Secret ingredient: Gochujang

Last updated 15:04 28/06/2013
SPICY PASTE: It tastes a bit like a fiery blend of marmite and miso paste, but sweeter, fruitier and more complex by far.

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Love the fiery taste of Korean cuisine? Here's how to use Gochujang in your cooking.

This remarkable, and frankly addictive, fermented paste is made from chillies, glutinous rice powder and soy beans. After kimchi, (the famous and fiercely hot Korean Sauerkraut) gochujang is the most recognisable and ubiquitous flavour of the Korean peninsula. Actually, nobody’s sure of what they eat in North Korea these days (apart from the radiance and basketball prowess of Kim Jong-un, of course), but chances are there’s at least a bit of black-market gochujang doing the rounds.

If you’ve ever eaten in, or even walked past a Korean restaurant, you’ll be familiar with the rich, yeasty fragrance of gochujang. It tastes a bit like a fiery blend of marmite and miso paste, but sweeter, fruitier and more complex.

Gochujang is available from practically all Asian supermarkets, and many regular supermarkets, too. The best known brand is sold in a distinctive red tub, which once opened will last in the fridge for many months.

The closest comparable (and probably related) product is Sichuan chilli-bean paste or doubanjiang. It’s not a perfect match, as doubanjiang is saltier than gochujang and often tastes strongly of Sichuan pepper, but it might just about do at a pinch.

Rather like fish sauce in Thailand or dashi in Japan, gochujang is a touchstone flavour of Korea. It’s used as both a condiment – most famously in Korea’s unofficial national dish, Bibimbap – and ingredient flavouring in untold soups, and braised and grilled (Korean BBQ) creations. Gochujang is hot stuff, but nowhere near as incendiary as the various fermented chilli products of South East Asia. Try a small dollop with some steamed rice to acquaint yourself, then use judiciously as per recipe instructions. Heat-thresholds notwithstanding, it’s a hard product not to love.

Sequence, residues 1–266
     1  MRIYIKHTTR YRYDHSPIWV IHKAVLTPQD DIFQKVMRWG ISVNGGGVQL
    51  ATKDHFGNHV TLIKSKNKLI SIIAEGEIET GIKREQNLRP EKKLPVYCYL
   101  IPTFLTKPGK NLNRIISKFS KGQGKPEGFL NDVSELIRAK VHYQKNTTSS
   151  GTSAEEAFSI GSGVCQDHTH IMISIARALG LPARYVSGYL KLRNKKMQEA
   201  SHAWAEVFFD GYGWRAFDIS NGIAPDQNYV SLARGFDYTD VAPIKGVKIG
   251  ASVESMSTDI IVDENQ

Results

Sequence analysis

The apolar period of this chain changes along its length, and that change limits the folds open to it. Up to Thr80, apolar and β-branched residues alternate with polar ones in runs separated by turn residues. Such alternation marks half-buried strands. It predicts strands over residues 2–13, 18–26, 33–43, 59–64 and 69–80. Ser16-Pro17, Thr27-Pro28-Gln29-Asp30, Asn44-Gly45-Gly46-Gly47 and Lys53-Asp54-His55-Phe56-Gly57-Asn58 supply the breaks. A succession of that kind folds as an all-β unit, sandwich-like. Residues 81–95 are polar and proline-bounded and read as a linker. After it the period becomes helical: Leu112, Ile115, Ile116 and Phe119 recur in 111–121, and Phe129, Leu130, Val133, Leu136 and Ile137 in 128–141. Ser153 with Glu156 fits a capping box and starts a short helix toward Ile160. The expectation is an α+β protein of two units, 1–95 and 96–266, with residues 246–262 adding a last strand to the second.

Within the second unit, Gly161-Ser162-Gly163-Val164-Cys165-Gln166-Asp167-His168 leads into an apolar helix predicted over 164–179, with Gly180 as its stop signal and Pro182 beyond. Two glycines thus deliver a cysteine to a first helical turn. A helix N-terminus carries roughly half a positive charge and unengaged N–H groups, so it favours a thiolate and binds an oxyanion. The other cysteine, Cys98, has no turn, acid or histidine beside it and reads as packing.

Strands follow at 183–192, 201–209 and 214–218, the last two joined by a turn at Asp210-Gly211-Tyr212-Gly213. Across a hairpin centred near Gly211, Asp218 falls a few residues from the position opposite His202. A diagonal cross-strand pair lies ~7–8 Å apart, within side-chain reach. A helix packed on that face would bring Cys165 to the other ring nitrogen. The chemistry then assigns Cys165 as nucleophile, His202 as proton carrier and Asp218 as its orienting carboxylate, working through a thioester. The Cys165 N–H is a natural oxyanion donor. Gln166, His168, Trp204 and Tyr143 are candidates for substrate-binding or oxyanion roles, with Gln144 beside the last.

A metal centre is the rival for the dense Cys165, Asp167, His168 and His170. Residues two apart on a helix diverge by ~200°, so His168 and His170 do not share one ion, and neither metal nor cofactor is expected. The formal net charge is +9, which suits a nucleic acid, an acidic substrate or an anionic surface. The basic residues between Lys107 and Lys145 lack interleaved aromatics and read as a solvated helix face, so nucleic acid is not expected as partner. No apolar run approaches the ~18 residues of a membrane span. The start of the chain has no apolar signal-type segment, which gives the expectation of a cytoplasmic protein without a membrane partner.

Tteokbokki is among the most famous and beloved dishes of the entire Korean repertoire. It consists of glutinous rice cakes, noodles and slices of fish sausage cooked in a fiery sauce made from onions, garlic, sugar and loads of gochujang. Although little known outside of Korea (unless you know where to look!), it’s a truly world-class dish. This recipe for Tteokbokki, from Korean-American food blogger (and government auditor!) Hyosun Ro, is the most authentic I’ve tasted. If you want a proper grounding in Korean food, check this out.

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Virgil Evetts is a member of the New Zealand Guild of Food Writers. Follow his adventures in food, gardening and urban farming here.

- Stuff


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